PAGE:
This film can't provide the rush of discovery that fueled the previous movies, but it is still an intense, energetic spy movie that ought to satisfy franchise fans.
This film is quicker to apply violence, the film much more prone to sudden bursts of gruesomeness.
The film presents a very simple truth: relationships are hard, even when both partners are trying their best.
It feels altogether awkward, the movie ultimately unable to tell its story in a clear, coherent fashion.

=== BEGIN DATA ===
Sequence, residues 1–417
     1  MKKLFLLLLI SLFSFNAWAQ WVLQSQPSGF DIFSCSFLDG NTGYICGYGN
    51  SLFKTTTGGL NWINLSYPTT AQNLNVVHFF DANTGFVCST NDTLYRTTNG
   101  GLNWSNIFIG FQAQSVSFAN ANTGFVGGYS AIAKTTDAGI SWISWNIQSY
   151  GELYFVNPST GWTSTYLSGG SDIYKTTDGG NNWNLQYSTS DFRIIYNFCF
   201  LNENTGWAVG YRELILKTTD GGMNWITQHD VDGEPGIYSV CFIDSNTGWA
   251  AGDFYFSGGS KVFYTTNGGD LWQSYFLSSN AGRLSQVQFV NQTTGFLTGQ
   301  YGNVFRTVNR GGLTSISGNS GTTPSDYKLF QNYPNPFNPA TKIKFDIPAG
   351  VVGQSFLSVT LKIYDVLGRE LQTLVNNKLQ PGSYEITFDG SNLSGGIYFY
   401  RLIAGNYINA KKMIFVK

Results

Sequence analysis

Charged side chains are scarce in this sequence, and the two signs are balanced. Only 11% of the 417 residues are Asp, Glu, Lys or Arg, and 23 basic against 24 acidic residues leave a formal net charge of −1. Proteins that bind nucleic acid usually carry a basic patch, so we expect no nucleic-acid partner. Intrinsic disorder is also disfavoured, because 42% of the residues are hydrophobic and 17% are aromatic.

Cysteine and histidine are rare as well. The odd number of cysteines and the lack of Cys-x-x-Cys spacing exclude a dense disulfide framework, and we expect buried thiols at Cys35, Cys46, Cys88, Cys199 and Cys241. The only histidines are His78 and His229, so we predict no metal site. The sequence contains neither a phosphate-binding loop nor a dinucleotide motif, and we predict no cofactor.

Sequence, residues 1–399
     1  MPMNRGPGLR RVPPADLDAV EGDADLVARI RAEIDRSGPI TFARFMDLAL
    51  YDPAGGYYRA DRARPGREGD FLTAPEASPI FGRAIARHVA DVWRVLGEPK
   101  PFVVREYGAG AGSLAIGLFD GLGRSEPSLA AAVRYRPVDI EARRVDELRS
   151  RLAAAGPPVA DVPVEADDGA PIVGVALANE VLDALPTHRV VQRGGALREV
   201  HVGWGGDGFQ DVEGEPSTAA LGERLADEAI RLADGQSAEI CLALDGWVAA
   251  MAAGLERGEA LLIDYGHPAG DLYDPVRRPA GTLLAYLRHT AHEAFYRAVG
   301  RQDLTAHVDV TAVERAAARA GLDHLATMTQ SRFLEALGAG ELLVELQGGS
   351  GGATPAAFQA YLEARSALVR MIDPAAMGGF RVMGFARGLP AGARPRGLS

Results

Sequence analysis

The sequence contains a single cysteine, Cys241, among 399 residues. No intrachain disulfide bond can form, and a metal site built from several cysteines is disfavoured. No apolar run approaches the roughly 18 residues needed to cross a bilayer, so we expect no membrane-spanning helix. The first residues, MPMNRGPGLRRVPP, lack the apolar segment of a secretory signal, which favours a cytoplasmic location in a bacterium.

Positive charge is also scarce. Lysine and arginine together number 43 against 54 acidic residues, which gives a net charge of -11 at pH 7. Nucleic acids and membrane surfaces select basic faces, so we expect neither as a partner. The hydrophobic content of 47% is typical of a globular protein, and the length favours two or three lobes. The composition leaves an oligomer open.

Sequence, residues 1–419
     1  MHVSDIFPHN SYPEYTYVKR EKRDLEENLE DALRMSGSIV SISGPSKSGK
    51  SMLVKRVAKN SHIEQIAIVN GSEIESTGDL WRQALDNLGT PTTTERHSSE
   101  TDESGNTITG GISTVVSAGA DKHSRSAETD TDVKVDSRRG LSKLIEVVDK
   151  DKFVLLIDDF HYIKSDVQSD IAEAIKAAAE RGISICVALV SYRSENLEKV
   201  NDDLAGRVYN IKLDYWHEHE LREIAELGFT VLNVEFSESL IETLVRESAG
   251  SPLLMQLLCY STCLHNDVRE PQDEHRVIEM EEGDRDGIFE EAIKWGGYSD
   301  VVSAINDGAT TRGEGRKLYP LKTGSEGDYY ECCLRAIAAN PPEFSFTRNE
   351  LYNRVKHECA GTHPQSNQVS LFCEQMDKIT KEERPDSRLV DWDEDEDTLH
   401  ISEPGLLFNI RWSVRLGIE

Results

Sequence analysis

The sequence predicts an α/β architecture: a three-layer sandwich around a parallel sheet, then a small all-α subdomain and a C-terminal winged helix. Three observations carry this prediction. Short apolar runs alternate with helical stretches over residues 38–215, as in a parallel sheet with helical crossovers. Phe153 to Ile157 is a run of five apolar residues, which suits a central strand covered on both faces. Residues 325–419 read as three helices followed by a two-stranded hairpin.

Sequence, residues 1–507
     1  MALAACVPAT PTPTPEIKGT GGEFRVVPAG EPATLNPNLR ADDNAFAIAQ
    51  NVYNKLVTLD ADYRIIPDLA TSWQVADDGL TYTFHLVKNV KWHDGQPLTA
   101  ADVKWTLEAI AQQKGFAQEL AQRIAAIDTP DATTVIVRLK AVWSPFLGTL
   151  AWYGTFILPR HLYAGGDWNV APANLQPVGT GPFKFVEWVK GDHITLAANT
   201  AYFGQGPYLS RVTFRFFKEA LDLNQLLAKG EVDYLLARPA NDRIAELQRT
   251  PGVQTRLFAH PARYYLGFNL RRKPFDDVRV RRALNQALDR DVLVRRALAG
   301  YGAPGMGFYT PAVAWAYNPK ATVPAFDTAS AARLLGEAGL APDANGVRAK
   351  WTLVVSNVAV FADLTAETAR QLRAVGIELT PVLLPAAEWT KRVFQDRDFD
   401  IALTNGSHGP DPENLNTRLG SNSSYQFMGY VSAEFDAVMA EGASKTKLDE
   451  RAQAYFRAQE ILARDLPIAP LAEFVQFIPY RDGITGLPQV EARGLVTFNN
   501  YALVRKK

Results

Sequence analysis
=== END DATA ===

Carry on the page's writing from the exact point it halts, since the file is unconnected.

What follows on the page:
The film is ultimately pretty silly, but it has just enough of a shade of relevance to make it something worth considering, even if the pieces don’t all fit.
It is just a vague journey from one point to another, with scattered sightings of mindless creatures harassing the protagonists.
It’s kind of appropriate given that the film takes place during the Great Depression, but the film doesn’t do enough work tackling that context to make that worth it.
This movie, in visual form, looks like it could very well be an unearthed tape from that time in our cinema.
The film is a depiction of the way modern combat is done, which as it turns out, largely takes place inside rooms hundreds to thousands of miles away from actual danger.
It sets up a tense situation, establishes the geography, and escalates matters through sudden bursts of brutality.